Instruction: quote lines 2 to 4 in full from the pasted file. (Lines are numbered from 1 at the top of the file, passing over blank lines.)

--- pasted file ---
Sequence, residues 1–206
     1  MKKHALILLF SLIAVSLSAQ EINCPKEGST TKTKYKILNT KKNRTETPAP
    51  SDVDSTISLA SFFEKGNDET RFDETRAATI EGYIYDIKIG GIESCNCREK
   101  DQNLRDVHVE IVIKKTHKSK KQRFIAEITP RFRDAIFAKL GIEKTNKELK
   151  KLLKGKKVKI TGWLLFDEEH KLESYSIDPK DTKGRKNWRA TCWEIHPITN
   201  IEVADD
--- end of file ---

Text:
     1  MKKHALILLF SLIAVSLSAQ EINCPKEGST TKTKYKILNT KKNRTETPAP
    51  SDVDSTISLA SFFEKGNDET RFDETRAATI EGYIYDIKIG GIESCNCREK
   101  DQNLRDVHVE IVIKKTHKSK KQRFIAEITP RFRDAIFAKL GIEKTNKELK